Vauxhall Cascada - Clutch Burnout in under 19,000 miles? - Charlotte Lock

Hiya! I am hoping someone can help me.

I purchased a 1 year old cascada, petrol, 1.4 with 5,000 miles on the clock. (currently just under 19,000) Yes I am a woman, but yes I can drive lol (used to be external sales so used to do anything upto 200 miles a day). In that time, I used to drive company cars which were vauxhall Astras, no I wasnt over careful with them but anywho

My Cascada is my baby and I treat her very well, she is well driven, mostly just by me as I dont like anyone driving her haha Never had an issue with her upto last week. Id been out for a couple of hours and came to a steep hill. Yes it was b***** steep but nothing a 2 year old car cant handle right??

I didnt creep up the hill, I applied the handbreak and waited until there was a full cars length infront of me before attempting to move up further. Only my car didnt move. I was baffled, so I applied the handbreak and put the car into first gear again to attempt to move, again nothing. I did this 5/6 times before the car finally decided to move very slowly up the hill (nothing in comparison to its normal power). Once I had got over the hill I noticed a horrible smell in the car and it just didnt feel right so I pulled over. The Heat coming away from the engine (no fan working I might add which baffled the snot out of me) was incredible, so much so I was scared to open the bonet up, I did manage to get it up but I was very hot under there.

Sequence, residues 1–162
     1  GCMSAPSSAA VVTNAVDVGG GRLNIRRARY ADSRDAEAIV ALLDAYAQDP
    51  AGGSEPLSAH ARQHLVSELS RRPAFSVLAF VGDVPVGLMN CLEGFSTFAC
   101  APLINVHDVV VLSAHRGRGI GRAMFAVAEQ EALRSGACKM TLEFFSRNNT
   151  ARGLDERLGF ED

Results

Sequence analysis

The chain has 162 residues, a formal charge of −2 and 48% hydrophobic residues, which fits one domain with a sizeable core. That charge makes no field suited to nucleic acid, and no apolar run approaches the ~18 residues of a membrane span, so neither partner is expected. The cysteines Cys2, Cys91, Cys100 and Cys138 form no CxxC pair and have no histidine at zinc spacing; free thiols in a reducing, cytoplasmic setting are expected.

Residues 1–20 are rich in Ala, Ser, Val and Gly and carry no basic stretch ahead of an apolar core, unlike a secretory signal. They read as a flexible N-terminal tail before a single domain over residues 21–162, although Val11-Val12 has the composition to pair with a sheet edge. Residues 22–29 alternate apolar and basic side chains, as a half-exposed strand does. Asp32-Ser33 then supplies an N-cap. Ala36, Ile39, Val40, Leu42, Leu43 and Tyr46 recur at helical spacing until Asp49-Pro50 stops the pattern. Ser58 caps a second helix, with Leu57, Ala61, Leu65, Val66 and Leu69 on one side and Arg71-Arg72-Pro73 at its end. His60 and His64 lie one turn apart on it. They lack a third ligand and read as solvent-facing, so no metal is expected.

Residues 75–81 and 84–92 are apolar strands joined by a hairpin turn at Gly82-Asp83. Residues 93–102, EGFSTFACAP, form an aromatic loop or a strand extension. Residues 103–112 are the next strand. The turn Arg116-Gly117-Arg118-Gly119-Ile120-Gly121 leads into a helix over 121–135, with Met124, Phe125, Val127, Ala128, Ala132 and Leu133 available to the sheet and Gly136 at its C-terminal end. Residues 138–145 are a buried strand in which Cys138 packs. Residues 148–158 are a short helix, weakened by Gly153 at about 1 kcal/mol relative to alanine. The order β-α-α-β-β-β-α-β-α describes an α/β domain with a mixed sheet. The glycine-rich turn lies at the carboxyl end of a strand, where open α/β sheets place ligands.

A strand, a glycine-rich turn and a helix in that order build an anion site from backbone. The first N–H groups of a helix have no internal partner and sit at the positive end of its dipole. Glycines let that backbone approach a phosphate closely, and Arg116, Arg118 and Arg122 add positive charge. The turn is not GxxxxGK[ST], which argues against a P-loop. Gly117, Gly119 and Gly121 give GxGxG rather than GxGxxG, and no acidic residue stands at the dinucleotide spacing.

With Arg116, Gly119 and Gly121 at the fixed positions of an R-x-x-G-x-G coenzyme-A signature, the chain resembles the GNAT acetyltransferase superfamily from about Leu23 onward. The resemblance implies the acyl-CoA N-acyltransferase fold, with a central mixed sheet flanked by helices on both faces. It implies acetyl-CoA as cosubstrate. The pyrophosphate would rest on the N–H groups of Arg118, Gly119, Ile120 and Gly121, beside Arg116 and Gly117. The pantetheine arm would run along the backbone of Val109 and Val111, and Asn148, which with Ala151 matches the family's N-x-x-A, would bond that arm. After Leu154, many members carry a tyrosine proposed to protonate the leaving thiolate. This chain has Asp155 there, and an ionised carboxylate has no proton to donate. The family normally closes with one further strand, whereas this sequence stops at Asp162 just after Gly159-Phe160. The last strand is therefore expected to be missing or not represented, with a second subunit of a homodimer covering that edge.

Got it to Perrys the next day (yes I called the husband to come rescue me as I had kids in the car and I am a firm believer that if I dont feel comfortable with something, dont do it! ) and this is their email.....

We have found evidence of thermal overload to the clutch plate, clutch cover and the dual mass flywheel but no evidence of any mechanical failure of any of the components.

Your vehicle requires a new Clutch kit, slave cylinder and dual mass flywheel.

Obviously Vauxhall are saying that it is driver error and not covered under warrenty. I am struggling to accept that I have caused this by going up a b***** hill! Is there any way this could have been caused by other parts being faulty or damaged?

I have finally agreed to have the work done (at a stupid cost but thats another matter) and I have requested my parts be returned to me so I can have them checked out. I am half thinking, did the dealer I got the car off swap the clutch out for a crappy one and thats why I got such a good deal on the car? Has another part caused this meaning it should be covered under warrenty? Was this actually me? MY thoughts are if this was me, I dont deserve my licence and shouldnt be driving a blinking car if I can burn a clutch out in under 19,000 miles (granted the first 5k werent me).

Sorry for the long winded post, tbh this was half a vent as no one seems to understand my fustrations with this at all, thank you in advance for any help what so ever :)

Vauxhall Cascada - Clutch Burnout in under 19,000 miles? - RobJP